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God does play dice!

The other night, while playing Trivial Pursuit with Cori’s family, God – yes, the God of the universe – moved the dice we were playing with. How do I know this? Well, at one point in the game we were amazed when we threw the dice six times, and got six every time!

Was it by intelligent design that the six was thrown six times in a row? Did some mysterious, intelligent force tweak the roll of the dice? Yes, I’m sure it did. After all, the chances of throwing any number six times in a row, if my calculations are correct, is 1 in 46 656. Wow, what a large number! The odds of this happening by pure chance is pretty slim, and we didn’t even throw the dice a dozen times before this occurred. So it must have been by divine design, and not by pure chance, that this happened!

Not only did God move my dice, but he also created the universe. Hugh Ross, an old earth creationist, in his book, The Creator and the Cosmos, lists 26 characteristics of the universe, as well as 40 characteristics of the solar system, that seem to be ‘fine tuned’ for life. If any one of these were slightly different, then life wouldn’t exist! Did all of these come together by pure chance? Impossible, argues Ross. He calculates that the odds of all of these parameters coming together naturally and by chance is so large, that must have been by divine design.

True, something that is improbable – even highy improbable – doesn’t mean that it is impossible, but it’s difficult to believe this when you see how many zeros are attached to the end of Ross’ numbers, which are so large they boggle the mind! And well, although the numbers he comes up with are much, much larger than 46 656, he doesn’t specify the exact probability when something that is ‘naturally created’ becomes ‘intelligently designed’. Without this dividing line, I can use my relatively small, but still large by everyday standards, number to argue for a case of divine meddling in dice throwing.

At least I now have evidence that God exists!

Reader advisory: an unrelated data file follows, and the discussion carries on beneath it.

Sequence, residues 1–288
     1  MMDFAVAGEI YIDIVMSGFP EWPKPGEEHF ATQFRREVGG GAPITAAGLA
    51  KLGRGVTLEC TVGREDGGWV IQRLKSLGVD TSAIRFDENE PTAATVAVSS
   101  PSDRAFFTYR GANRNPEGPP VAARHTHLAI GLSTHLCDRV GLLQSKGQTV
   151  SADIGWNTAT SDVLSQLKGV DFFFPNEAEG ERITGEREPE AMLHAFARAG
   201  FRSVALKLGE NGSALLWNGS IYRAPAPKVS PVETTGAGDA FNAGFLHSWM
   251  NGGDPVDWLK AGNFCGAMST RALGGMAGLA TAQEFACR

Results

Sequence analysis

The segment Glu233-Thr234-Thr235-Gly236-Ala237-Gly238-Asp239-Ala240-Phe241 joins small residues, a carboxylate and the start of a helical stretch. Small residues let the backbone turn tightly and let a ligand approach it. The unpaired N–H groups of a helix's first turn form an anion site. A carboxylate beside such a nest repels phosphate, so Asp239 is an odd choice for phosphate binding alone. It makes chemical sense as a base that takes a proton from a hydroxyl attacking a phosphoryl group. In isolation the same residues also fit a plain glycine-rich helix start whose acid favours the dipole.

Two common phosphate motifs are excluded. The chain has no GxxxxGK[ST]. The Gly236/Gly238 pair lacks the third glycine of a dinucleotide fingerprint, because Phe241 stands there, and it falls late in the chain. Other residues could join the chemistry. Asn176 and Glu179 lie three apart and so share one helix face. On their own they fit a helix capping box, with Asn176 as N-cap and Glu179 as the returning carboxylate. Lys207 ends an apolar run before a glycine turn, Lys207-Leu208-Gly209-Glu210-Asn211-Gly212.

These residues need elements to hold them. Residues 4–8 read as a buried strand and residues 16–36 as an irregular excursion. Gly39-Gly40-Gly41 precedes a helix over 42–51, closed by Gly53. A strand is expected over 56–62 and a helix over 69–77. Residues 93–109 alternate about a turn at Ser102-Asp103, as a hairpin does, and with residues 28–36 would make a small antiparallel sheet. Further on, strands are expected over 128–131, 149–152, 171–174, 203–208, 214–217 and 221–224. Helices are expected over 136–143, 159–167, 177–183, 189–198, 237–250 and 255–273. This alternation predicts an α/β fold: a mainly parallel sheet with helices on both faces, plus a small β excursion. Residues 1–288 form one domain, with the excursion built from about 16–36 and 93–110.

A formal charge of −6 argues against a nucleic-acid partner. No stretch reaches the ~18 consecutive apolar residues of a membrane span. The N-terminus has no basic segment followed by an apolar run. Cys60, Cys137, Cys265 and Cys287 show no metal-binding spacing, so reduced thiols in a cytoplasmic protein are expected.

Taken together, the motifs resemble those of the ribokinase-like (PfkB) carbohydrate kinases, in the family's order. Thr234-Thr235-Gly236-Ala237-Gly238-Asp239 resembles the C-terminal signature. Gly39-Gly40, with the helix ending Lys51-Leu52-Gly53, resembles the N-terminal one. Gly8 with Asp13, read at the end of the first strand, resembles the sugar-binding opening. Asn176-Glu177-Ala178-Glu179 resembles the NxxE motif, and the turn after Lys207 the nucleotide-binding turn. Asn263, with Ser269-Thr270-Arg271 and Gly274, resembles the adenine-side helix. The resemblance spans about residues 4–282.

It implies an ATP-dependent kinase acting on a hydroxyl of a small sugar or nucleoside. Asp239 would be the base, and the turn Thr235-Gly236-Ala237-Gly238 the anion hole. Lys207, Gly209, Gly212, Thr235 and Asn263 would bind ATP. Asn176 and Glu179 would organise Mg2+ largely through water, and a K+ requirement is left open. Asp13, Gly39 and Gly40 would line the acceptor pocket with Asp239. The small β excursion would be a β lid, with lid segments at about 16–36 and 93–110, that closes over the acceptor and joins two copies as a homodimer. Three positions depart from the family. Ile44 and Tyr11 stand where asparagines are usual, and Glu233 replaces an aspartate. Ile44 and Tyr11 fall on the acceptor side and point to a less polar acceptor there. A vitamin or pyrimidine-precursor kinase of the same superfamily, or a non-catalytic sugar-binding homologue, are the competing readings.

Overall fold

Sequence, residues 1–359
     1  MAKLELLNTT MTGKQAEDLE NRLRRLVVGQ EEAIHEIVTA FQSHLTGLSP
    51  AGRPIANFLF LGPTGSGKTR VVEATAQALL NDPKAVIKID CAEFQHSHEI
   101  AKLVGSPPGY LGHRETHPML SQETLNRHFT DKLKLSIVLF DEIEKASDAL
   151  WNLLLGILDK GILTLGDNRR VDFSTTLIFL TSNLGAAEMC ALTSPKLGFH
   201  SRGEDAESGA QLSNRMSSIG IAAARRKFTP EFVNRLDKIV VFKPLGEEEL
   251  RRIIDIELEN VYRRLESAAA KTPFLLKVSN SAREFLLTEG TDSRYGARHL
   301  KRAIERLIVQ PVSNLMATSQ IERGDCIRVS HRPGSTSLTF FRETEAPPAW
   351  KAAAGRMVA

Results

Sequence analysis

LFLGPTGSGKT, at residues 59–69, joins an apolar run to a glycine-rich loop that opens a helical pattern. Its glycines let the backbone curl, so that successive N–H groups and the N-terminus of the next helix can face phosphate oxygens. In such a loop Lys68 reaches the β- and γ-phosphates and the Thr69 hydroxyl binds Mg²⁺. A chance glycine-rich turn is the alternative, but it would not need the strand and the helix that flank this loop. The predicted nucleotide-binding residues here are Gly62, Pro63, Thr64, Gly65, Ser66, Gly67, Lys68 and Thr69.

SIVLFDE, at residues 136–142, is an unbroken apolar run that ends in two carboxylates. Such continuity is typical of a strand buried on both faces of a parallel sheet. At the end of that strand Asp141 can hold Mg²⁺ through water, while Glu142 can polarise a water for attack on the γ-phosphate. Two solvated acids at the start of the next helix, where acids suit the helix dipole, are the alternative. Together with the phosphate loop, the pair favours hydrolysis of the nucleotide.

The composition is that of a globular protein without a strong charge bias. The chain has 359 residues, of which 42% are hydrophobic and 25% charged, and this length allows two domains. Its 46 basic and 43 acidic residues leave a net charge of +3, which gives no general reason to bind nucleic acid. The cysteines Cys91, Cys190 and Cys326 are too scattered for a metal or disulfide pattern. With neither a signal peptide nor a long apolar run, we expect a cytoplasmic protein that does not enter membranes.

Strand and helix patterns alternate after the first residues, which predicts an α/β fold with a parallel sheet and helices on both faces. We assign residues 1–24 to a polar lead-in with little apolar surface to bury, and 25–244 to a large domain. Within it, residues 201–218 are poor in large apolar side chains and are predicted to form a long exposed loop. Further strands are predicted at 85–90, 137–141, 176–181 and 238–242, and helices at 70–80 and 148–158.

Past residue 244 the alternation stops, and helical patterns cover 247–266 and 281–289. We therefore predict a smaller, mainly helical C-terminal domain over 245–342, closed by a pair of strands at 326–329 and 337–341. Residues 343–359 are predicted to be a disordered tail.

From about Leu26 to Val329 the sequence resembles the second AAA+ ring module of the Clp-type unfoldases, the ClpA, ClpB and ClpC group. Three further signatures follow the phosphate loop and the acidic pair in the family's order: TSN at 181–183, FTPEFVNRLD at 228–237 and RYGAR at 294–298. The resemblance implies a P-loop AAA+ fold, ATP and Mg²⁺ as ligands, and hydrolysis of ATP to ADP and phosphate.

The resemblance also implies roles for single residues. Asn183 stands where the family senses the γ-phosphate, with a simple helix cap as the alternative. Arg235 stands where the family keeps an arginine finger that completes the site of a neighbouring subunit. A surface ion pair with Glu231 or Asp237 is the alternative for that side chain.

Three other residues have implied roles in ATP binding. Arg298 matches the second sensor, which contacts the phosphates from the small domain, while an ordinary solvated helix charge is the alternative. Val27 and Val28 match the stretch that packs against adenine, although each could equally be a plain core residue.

(I wrote this tongue-in-cheek to make it an interesting read, and to point out some of the problems I see with probability arguments that apologists use. For those who are interested: yes, we did throw six sixes in a row).
## 9 comments:

I'm not a fan of statistics arguments at all when it comes to this... so just some thoughts on more problems in the argument...

I didn't check your dice calculation, but trust it's correct. But isn't it then also true that this should be multiplied with the amount of times you have thrown a dice six times in a row, to get the probability that this would happen once at some point?

Those arguing about life on other planets use similar statistical arguments to say that life wouldn't have evolved on other planets (or to say that life on earth is extremely unique), but them forget to multiply it with the amount of planets in the universe, a calculation which, with my limited knowledge of statistics, would mean that the probability of there NOT being life on other planets is very small, and the probability that life should exist somewhere, becomes almost 1, no matter how small the probability of life on earth.

But then, on the other hand, why do either Christians, Atheist, or whatever else, say with such certainty what the probability is of something happening by any chance? What is the probability that the probability of anything existing isn't 0?

John Allen Paulos really takes this probability argument to task in his new book irreligion. You should check it out. He also touches on his concept in his talk at Beyond Belief 2.

Hi Cobus

Good comments! I’m not a statistician myself, so I could be completely wrong here . . . but I calculated the probability in the following way. Lets say you have two dice, and you want to calculate the probability of throwing any combination of two numbers. It would then be the number of available options on one dice (ie, 6) by the power of the number of dice (ie, 2). That is, 36 combinations. So when you throw the two dice, the chances of getting two sixes (or any two numbers on both dice) would be 1 in 36.

In my example, I had ‘six’ dice (as the one dice was thrown six times), so the chances of getting any combination of six numbers in those six throws would be 6 to the power of 6 – that is, 46 656.

But I’m probably totally off the mark here. If there is any statisticians out there – help!

Stephen wroteJohn Allen Paulos really takes this probability argument to task in his new book irreligion.Thanks, Stephen. I will check it out. Victor Stenger, an astronomer, has also written quite a lot on probability arguments, and why – in his view – they don’t work. I think the main problem is that many people – apologists and atheists (like me) alike – don’t really understand fully how probability theory works.